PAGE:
It takes two (or more) to create a performance in an animated film. The actor who records the dialogue and the artists who put together the character’s physical performance. And because the dialogue is recorded first, it can not only influence the script, but also the way a character looks or moves. In fact, during recording sessions, even though a script has been written, actors are often encouraged to improvise.
“The animation medium is ideal for vocal improvisation,” says veteran animator Ron Clements, who co-directed several Disney films with John Musker, including 1992’s “Aladdin,” which starred Robin Williams, a master of improv, as the Genie. “Because the voices are recorded and edited together first, and the animation is done to fit the prerecorded soundtrack, there’s a lot of freedom to experiment and explore multiple variations of line readings. If something doesn’t work, you don’t need to use it.”
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“I think when you work with a great character actor, you can really hear those characters in your head and it affects, first of all, the writing and then the animation,” said “Soul” director Pete Docter during Variety’s FYC virtual event. “We had a great opportunity to allow for a lot of improvisation and playing around. We record first and then animate to that. So the animators are following a lead in many ways. We even set up cameras as well. I don’t know that everybody looks at the performance. Some people just listen and are influenced purely by the audio. But the actors really do have a far reaching effect on the film in a lot of different branches.”
Many of today’s animated features are created by thousands of artisans working on several aspects of the film. Often while the vocal performances are being recording, other parts of the film are being put together: storyboards, layouts, character designs and more. If they know the actor who’ll be
playing the character ahead of time, artists can use their prior work as a reference as well as watch tapes of the recording sessions.
“As a character, it was really beneficial to be able to look at Tina [Fey] in ‘30 Rock’ and kind of glean bits of her from that and put it into [the character of] 22,” says “Soul” supervising animator Jude Brownbill. “Things like gestures, mannerisms, acting choices. It could even be a mouth shape, a brow raise, the timing of a blink, things like that. Those are the things that we as animators would look at for inspirations and try to get a little bit of that into our acting with the character.”
“The Croods: A New Age” director Joel Crawford inherited a star-studded voice cast from the first film — Nicolas Cage, Emma Stone, Ryan Reynolds, Catherine Keener and Cloris Leachman — and “most exciting part about jumping in with them, all of them were so gracious and passionate about their characters and going, ‘Where can we go next?’ And so, it wasn’t just coming in and recording lines and getting out. There was a lot of improvising, a lot of talking about where the character could go,” he said at the FYC event. That spontaneity was key to making the dialogue, which was recorded more than three years ago, “feel like it’s happening now.”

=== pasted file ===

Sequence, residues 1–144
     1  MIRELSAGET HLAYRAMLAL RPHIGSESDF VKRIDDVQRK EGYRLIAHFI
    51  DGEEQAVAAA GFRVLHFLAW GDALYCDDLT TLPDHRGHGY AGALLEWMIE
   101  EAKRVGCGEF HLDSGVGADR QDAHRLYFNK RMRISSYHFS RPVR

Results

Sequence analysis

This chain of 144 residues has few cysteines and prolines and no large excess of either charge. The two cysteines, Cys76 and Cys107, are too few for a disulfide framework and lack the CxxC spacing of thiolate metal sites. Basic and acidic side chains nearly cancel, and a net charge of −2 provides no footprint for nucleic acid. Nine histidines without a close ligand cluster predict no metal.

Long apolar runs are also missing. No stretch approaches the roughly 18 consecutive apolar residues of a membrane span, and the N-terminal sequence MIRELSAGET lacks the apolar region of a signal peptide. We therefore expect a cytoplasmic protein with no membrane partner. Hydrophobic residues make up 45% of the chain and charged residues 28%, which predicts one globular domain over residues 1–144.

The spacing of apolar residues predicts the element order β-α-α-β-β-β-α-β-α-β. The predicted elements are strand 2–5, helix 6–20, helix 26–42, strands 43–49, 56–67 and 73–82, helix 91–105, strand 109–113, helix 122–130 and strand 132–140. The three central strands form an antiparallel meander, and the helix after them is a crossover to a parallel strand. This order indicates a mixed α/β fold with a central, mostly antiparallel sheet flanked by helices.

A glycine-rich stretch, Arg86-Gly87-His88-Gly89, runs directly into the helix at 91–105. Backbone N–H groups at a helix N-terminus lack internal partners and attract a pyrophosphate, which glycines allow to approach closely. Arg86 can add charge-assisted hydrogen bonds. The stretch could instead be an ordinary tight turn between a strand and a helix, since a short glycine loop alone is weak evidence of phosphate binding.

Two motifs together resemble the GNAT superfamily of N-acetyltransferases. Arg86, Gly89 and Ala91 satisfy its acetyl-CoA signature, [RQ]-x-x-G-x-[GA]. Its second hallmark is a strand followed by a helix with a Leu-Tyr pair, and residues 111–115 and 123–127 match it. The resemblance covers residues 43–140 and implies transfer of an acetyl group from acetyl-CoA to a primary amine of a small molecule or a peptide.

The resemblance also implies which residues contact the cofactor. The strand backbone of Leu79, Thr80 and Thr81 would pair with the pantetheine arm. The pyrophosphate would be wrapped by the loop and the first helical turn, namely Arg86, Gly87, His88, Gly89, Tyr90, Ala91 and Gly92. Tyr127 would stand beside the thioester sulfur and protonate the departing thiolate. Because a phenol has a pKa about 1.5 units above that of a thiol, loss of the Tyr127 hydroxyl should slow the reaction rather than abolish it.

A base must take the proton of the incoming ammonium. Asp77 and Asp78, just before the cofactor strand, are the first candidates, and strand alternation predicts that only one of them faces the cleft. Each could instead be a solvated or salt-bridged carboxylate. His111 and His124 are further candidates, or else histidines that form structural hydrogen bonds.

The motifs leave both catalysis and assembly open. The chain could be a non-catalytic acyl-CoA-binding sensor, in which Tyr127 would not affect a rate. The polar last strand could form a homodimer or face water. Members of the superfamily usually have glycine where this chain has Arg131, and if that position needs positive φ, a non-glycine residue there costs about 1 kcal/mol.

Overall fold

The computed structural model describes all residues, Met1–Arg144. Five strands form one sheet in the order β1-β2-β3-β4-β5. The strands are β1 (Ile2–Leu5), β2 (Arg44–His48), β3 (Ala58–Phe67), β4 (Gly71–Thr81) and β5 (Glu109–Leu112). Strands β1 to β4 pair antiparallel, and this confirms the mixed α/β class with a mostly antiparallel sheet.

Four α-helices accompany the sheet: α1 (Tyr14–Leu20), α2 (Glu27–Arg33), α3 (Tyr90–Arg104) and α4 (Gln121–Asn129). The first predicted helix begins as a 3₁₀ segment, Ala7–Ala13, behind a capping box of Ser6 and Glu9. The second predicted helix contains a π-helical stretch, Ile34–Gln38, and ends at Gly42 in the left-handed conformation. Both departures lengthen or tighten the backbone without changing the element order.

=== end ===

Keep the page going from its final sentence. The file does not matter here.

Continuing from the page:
“Onward” director Dan Scanlon agrees about the importance of spontaneity. “That is a huge thing, and it’s so hard to get in animation. It’s one of the few times you really get to let someone like Chris Pratt, who improvises a lot, just do things. Try something that’s written and then let him do whatever he wants and see what happens.”
Robb Denovan, who animated Pratt’s “Onward” character Barley recalls that the actor came onto the film a little later than Tom Holland, who did the voice of Ian, but that his vocal work fit the idea the animators had of the character. “As soon as we started animating to him, he was an obvious choice because the character needed to be fun, energetic and really likable. It’s kind of him when it boils down to it.”
Getting to watch recordings of Pratt in action doing Barley’s dialogue was helpful, according to Denovan.
“Looking at when Chris would deliver a line, you’d be like, ‘Oh, when he says that line, he kind of tilts his head to the side and that makes him read as more sympathetic.’ And then also with his face, you can see, ‘Oh in this one he’s really grimacing when he says that line and that feels genuine. So that’s something I’m going to try to put in my work.’”
For the artists behind Netflix’s “Over the Moon,” having recordings of the all-Asian cast was especially helpful in the filmmakers’ effort to make their film culturally accurate.
“I think having an all-Asian cast allowed them to bring their own personal experiences to the roles,” says producer Peilin Chou. “I think that
says something about the level of authenticity that we were going for in the film, in all the details of how the characters were designed, and how they were animated.”
Having the artists present at recording sessions can be helpful to the actors as well.
“Improv was always an important part of our recording sessions,” says “Over the Moon” director Glen Keane. “The actors are each, at heart, entertainers, so we found that when they recorded their lines, if we could manage to be in the room with them rather than behind a glass wall, they would see and hear our responses as if we were the audience [which of course we were]. Invariably, they would spontaneously try another idea and then another to see if they could pull out even more of the desired reaction from us, whether it was a laugh, a tear or an ‘aahhh.’ This was not only great fun, but it lifted the performances tremendously.”
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